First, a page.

How Knowledge and Situational Judgment Questions Differ on the SHRM Certification Exam

Understand the characteristics of and distinctions between these test items

By Selina Russ and Mark Smith, Ph.D. November 19, 2020
How Knowledge and Situational Judgment Questions Differ on the SHRM Certification Exam

​As you prepare for the SHRM-CP or SHRM-SCP certification exam, it is important to understand how the exams are created and how the questions are formatted.

All of the exam content is based on the SHRM Body of Competency and Knowledge (SHRM BoCK), which is itself based on a comprehensive study of the HR field. This document is revised and refreshed every few years.

The SHRM BoCK covers two broad areas of competencies: behavioral and technical. Eight behavioral competencies describe the general behaviors and characteristics that an HR professional needs to perform in the workplace. One technical competency describes the specific knowledge required to perform in 15 HR functional areas. Every competency lists proficiency indicators that reflect HR best practice.

Mastery of knowledge, skills and abilities facilitates and enhances one's performance in an HR role. To test a candidate's mastery of the information necessary to indicate proficiency in the competencies, the SHRM certification exams use three distinct types of multiple-choice questions: SHRM knowledge items, foundational knowledge items and situational judgment items.

Testing One's Knowledge

Knowledge questions test understanding of the SHRM BoCK. Each SHRM knowledge item covers an important piece of information from the technical competency's 15 functional areas. Each foundational knowledge item covers a key piece of information, shown as a key concept, from the eight behavioral competencies defined in the SHRM BoCK.

Both kinds of knowledge questions will have one correct answer, supported by a rationale explaining why that response is correct and the others are clearly incorrect. Each rationale is tied to a documented, credible source.

In developing knowledge items for the exam, SHRM takes great care to make sure that the incorrect answers are still plausible.

Testing One's Judgment

Situational judgment questions present scenarios based on real situations experienced by practicing SHRM-certified HR professionals—situations that most HR professionals are likely to experience during their own careers. These items test the examinee's ability to choose the most effective course of action in the given scenario.

Each scenario features two to four questions that highlight different aspects of the situation presented. Like foundational knowledge items, situational judgment items focus on the SHRM BoCK's behavioral competencies. Unlike knowledge items, all of the response options for situational judgment items could be correct actions to take to address the situation. The correct answer, however, is the action that is the most effective—what one should do.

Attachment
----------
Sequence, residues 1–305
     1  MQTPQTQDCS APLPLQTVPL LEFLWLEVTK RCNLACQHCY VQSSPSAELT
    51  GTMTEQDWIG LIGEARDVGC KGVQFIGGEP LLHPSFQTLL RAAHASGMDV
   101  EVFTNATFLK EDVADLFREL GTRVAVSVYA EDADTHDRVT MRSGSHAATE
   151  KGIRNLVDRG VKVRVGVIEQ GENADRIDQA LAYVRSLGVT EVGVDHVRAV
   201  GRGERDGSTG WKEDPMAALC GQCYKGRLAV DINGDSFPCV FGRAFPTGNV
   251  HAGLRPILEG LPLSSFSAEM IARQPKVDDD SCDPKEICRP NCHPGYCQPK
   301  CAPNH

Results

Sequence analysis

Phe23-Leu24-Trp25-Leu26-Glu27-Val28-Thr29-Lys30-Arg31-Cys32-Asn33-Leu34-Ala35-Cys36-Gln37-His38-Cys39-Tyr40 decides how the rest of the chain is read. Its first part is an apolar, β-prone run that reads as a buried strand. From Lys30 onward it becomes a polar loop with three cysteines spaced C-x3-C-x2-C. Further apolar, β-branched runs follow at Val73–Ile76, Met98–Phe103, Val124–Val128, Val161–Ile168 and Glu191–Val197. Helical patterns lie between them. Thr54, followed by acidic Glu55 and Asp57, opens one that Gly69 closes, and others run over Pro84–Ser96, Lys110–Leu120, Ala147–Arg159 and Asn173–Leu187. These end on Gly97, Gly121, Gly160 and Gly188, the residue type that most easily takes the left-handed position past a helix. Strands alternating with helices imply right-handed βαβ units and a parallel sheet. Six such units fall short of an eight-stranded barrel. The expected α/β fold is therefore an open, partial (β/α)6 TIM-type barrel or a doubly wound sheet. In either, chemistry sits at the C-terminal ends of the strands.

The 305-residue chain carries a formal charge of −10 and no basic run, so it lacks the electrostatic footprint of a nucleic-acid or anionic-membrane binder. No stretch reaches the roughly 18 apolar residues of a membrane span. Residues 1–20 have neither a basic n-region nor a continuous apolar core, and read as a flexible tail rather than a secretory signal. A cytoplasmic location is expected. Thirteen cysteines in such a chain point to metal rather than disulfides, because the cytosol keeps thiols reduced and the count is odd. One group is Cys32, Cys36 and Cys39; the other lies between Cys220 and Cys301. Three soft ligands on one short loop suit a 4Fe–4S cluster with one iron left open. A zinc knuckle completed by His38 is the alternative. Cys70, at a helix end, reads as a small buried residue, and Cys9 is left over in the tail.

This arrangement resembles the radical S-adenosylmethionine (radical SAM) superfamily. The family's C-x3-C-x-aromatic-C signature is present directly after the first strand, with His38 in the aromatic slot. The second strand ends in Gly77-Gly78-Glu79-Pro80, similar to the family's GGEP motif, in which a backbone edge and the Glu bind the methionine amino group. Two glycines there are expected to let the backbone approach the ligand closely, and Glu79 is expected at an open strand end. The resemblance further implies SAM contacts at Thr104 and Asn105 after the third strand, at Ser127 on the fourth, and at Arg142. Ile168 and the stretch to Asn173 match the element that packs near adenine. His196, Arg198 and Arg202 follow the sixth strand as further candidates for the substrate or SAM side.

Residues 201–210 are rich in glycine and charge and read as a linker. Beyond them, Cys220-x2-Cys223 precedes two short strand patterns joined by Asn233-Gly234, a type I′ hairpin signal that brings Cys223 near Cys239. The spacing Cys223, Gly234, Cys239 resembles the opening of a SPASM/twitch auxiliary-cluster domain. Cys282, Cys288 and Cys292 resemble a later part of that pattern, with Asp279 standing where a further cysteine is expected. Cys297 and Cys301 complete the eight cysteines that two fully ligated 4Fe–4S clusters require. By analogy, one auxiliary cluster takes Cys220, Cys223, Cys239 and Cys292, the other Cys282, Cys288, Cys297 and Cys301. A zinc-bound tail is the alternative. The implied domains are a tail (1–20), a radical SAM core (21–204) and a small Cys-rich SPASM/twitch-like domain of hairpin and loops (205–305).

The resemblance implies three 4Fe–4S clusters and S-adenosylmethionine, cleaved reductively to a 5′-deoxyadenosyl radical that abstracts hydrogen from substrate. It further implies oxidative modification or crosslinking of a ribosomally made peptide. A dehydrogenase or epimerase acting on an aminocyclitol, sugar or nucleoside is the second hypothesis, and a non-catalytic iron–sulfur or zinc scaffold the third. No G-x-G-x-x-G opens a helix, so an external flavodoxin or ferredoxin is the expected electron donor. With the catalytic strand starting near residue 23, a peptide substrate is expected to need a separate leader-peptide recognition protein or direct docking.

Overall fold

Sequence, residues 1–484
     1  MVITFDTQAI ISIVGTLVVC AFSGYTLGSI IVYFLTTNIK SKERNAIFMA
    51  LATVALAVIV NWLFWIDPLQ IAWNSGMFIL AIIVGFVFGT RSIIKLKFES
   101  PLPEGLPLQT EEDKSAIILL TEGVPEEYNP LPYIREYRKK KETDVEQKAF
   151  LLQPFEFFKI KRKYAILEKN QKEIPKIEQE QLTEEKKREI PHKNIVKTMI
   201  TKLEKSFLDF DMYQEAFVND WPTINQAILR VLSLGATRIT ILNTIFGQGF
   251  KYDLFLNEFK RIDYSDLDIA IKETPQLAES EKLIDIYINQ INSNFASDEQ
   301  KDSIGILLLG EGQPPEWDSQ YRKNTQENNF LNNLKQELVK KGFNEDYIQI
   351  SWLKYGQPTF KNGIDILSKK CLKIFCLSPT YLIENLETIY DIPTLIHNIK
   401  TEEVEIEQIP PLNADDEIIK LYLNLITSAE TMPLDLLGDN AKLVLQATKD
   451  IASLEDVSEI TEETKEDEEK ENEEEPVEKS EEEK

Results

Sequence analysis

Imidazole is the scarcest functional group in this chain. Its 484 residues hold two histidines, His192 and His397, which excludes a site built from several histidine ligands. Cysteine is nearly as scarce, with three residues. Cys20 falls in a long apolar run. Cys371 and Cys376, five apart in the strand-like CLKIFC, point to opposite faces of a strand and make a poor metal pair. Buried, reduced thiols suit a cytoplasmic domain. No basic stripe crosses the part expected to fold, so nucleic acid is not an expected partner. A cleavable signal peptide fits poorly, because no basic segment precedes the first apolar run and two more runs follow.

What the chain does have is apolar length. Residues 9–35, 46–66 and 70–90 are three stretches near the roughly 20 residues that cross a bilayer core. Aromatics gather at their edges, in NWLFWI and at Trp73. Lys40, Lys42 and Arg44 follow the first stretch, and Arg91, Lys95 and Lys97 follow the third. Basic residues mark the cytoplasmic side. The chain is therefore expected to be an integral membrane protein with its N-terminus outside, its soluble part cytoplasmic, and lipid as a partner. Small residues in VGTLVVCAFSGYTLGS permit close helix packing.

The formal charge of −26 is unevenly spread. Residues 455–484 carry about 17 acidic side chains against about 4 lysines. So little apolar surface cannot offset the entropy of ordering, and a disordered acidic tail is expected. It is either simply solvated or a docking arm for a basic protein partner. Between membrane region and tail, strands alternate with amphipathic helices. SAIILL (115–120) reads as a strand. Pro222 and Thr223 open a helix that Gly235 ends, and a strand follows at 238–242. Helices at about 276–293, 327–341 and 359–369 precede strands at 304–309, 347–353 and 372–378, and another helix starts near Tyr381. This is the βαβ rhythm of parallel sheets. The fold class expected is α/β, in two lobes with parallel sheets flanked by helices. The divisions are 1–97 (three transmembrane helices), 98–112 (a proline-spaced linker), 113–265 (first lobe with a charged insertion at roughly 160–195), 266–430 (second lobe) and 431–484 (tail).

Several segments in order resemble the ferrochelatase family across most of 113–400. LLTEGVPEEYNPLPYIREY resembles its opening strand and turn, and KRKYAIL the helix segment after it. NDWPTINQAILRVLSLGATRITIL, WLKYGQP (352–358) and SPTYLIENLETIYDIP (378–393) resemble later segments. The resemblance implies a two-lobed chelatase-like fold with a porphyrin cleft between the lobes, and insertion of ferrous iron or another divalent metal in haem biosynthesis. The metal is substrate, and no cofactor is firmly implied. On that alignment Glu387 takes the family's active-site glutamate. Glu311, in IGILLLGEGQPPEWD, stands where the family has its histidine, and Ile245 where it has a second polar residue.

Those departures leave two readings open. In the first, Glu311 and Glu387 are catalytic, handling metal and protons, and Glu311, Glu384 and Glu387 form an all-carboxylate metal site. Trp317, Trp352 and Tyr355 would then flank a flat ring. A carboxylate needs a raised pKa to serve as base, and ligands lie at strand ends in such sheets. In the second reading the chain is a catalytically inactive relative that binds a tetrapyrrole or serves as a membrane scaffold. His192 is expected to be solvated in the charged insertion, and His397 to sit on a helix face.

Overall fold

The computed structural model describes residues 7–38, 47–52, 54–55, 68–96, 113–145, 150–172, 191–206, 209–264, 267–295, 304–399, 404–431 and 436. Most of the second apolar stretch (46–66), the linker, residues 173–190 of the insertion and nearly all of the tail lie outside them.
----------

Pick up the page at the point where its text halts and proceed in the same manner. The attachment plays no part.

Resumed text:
A panel of SHRM-certified subject matter experts determine the correct response option—the most effective action—by consulting the proficiency indicators in the SHRM BoCK. The alternative response options describe actions of varying degrees of effectiveness.

Therefore, examinees should not approach situational judgment items in terms of how HR in their own organizations would act. Rather, examinees should answer based on general HR best practice, as reflected in the SHRM BoCK's proficiency indicators.

What's the Difference?

To demonstrate the difference between a knowledge item and a situational judgment item, let's use the behavioral competency of Communication as an example.

A knowledge item covering this area might ask about different types of communications media, such as e-mail or town hall meetings. A situational judgment item might present a specific scenario involving communication, then ask how to effectively communicate with leaders to solve a problem given the circumstances presented.

Familiarize yourself with the SHRM BoCK's different competencies and proficiency indicators to become more confident in your holistic understanding of HR. Understand how the questions are developed and formatted to ensure that you are well-equipped to demonstrate this knowledge on the SHRM certification exam.

Selina Russ is a specialist in exam publishing at SHRM. Mark Smith, Ph.D., is SHRM's director of exam development.



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